Canadian data suggest momentum is gradually slowing for home prices and construction, supporting policy maker statements the nation’s C$2.03 trillion ($1.87 trillion) housing market will avoid a crash.
Statistics Canada said today its new home price index was unchanged in November, trailing the 0.1 percent median forecast in a Bloomberg survey with six responses. From a year earlier, new home prices increased 1.4 percent, the slowest pace since February 2010. Home starts and building permits declined.
Bank of Canada Governor Stephen Poloz said in an interview last month he expects a “soft landing” in the housing market after historically-low interest rates enticed home buyers to load up on debt, now at a record relative to income. Finance Minister Jim Flaherty, who warned about signs of overbuilding in Toronto and Vancouver condominiums, said this month dangers to the Canadian economy from elevated housing prices and high consumer debt levels are receding.
“Going into 2014, the housing sector is much less likely to be the sector of growth that we’ve seen in previous years,” Stefane Marion, chief economist at National Bank Financial in Montreal, said in a telephone interview, adding he’s not concerned about a crash.
“We would need some type of shock, such as a significant backup in interest rates or some bubble-like conditions in the housing market reminiscent of what we saw in the U.S., but that’s not what we’re seeing.” Marion said. “It’s not the conditions that prevailed in the U.S. in 2007. The default rates are extremely low.”
Building permits fell 6.7 percent in November to C$6.75 billion, Statistics Canada said today in Ottawa, with projects such as apartments and condominiums dropping 8.7 percent. Urban multiple-unit housing starts fell 4.1 percent in December to an annual pace of 108,910, Canada Mortgage & Housing Corp. said.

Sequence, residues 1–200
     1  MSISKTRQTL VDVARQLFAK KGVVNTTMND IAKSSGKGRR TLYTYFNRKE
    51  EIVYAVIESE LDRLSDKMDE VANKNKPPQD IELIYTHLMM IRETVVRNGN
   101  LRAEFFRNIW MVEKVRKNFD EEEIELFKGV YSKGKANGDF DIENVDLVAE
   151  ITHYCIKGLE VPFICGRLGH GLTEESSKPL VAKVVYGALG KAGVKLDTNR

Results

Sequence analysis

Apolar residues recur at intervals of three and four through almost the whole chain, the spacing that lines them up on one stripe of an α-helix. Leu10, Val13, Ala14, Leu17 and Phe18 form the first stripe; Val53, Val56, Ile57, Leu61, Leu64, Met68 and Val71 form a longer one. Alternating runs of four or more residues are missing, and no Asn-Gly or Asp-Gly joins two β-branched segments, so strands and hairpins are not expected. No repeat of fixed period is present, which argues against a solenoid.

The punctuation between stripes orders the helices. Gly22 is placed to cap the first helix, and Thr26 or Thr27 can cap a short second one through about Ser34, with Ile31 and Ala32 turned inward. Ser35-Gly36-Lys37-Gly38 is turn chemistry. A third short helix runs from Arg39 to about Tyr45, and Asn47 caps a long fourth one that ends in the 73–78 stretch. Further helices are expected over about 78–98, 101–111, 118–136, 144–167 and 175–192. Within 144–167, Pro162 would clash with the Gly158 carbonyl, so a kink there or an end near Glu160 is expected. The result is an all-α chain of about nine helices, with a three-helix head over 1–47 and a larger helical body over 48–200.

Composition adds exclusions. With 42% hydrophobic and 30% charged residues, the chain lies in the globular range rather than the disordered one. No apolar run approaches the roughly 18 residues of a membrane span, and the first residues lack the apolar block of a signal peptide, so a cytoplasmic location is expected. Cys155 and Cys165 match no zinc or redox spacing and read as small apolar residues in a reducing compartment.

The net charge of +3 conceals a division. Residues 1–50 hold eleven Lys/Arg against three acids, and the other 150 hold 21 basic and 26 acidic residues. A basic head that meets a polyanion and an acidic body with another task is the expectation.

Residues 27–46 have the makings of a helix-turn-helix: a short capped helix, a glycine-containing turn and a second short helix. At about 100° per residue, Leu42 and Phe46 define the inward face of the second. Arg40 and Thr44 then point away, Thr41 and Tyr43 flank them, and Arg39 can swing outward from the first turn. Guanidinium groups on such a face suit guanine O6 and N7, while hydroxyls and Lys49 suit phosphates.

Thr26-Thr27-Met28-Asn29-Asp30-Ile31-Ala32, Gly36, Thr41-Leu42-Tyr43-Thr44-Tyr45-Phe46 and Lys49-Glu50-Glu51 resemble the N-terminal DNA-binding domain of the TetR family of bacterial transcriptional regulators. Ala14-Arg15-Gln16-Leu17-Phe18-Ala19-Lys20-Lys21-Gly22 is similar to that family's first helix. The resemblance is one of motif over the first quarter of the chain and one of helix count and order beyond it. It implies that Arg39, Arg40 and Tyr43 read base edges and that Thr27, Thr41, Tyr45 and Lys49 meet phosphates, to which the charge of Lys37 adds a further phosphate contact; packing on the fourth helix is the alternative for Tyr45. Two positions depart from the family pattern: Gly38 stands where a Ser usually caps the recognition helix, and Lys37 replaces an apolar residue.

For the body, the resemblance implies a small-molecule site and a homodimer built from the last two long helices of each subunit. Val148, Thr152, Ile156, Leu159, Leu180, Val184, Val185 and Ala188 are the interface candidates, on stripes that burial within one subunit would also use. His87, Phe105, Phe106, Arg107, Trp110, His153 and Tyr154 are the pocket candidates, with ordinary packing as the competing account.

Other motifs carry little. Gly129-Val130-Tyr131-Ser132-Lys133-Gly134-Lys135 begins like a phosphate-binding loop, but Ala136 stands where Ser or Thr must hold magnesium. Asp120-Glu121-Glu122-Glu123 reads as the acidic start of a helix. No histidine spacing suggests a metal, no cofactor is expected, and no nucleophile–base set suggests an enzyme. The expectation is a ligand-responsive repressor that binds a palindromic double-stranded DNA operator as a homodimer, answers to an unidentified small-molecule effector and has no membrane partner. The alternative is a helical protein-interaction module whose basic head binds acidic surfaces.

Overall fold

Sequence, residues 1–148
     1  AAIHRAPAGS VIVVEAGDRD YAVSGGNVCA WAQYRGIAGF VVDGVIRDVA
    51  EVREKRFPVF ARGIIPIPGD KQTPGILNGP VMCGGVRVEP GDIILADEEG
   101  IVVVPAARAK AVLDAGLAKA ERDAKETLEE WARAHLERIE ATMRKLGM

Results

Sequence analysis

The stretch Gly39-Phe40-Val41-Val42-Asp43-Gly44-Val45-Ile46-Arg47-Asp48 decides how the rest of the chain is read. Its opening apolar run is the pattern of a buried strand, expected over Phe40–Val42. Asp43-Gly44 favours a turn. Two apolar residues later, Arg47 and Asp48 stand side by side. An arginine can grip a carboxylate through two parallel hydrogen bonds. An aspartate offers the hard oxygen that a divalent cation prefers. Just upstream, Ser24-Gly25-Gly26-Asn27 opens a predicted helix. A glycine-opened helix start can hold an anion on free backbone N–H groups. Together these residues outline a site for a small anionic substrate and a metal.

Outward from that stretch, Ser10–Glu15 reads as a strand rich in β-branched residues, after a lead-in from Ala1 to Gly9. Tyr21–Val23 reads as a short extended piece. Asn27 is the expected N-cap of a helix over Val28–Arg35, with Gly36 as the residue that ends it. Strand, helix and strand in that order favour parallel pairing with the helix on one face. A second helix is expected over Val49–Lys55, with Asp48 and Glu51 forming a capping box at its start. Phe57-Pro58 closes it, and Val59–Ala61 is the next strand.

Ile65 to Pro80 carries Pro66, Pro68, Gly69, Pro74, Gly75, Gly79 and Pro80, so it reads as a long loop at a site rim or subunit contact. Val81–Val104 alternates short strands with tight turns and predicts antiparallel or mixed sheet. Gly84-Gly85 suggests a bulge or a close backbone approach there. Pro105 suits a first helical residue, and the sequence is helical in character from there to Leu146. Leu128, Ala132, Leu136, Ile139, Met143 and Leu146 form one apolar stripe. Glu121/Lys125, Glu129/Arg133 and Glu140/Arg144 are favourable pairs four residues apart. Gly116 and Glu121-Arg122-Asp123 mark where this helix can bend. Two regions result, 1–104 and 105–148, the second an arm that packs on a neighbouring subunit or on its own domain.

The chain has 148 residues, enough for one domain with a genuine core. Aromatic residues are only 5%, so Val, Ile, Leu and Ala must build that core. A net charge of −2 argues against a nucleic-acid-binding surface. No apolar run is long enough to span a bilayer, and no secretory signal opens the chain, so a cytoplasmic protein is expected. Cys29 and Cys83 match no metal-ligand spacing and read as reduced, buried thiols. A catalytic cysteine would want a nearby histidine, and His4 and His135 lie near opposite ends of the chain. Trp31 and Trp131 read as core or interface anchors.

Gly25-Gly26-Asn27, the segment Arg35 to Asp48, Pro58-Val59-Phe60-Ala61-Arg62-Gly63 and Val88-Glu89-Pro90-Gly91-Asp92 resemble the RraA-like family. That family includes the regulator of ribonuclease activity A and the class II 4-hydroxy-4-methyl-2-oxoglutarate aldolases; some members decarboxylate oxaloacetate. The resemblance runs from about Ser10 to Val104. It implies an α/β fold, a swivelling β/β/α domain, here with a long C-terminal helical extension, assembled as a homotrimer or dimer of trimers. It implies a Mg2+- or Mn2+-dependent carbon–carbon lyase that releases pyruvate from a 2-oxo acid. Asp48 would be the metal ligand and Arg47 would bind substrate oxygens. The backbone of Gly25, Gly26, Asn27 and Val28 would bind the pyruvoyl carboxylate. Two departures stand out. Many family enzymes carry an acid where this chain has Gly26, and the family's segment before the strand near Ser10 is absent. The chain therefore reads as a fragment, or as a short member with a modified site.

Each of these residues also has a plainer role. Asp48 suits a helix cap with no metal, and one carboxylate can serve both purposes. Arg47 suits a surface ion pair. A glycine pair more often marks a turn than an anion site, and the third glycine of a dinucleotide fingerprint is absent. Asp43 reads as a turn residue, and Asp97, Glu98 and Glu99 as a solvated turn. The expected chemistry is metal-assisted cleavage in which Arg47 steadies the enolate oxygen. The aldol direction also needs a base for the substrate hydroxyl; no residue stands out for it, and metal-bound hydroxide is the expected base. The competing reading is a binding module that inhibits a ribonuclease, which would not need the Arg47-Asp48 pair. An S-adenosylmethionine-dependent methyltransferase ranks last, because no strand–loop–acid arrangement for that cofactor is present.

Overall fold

Rising mortgage rates will crimp affordability, damping growth in the housing market this year, according to Toronto-Dominion Bank economist Diana Petramala and Royal Bank of Canada economist Laura Cooper.
Yields on five-year government bonds that are used as a benchmark for mortgage rates climbed to 1.89 percent today from the 2013-low of 1.15 percent in May, as the Federal Reserve moves to scale back extraordinary monetary stimulus.
“Interest rates in Canada and the U.S. will likely continue to gradually increase through 2014 and 2015, taking some steam out of demand for Canadian housing,” Petramala wrote in a note to clients.
Housing starts fell 4.1 percent in December, marking a decline in the average rate for 2013 of about 13 percent to about 188,000 units, the lowest since 2009. Starts will decline to 182,000 units this year and 174,000 units in 2015 according to Cooper at Royal Bank.
“We anticipate that housing affordability pressures will increasingly weigh on housing demand,” she said.
Petramala forecasts that housing starts will decline to a rate of between 165,000 and 175,000 units through 2015, while Bank of Montreal senior economist Robert Kavcic forecasts 180,000 units this year.
The permits report showed broad weakness with single-family permits falling 6.7 percent and non-residential work down 5.2 percent to C$2.66 billion, led by a 32 percent drop in institutional projects.
Construction intentions remain strong in Vancouver, with British Columbia the only province to record a gain in residential permits. The total value of building permits in the province’s largest city rose 25.8 percent to C$691.1 million, led by multiple-unit housing, Statistics Canada said.
Even with a decline in permits for multiunit housing in November to C$1.88 billion, the total remained 25 percent above the year-earlier level.
“You need to see labor markets in extremely weak conditions to precipitate a significant decline in home prices, or a sharp increase in interest rates,” said National Bank’s Marion. “With this inflation backdrop we have right now I just don’t see that happening.”
Consumer prices rose 0.9 percent in November from a year ago, holding below the 1 percent floor of the central bank’s target band for a second straight month, Statistics Canada reported Dec. 20.
The agency, which reports labor-market figures tomorrow from Ottawa, said last month the jobless rate held at 6.9 percent in November, the lowest since 2008, with employers adding an average of 13,500 jobs a month in 2013.
To contact the reporter on this story: Greg Quinn in Ottawa at firstname.lastname@example.org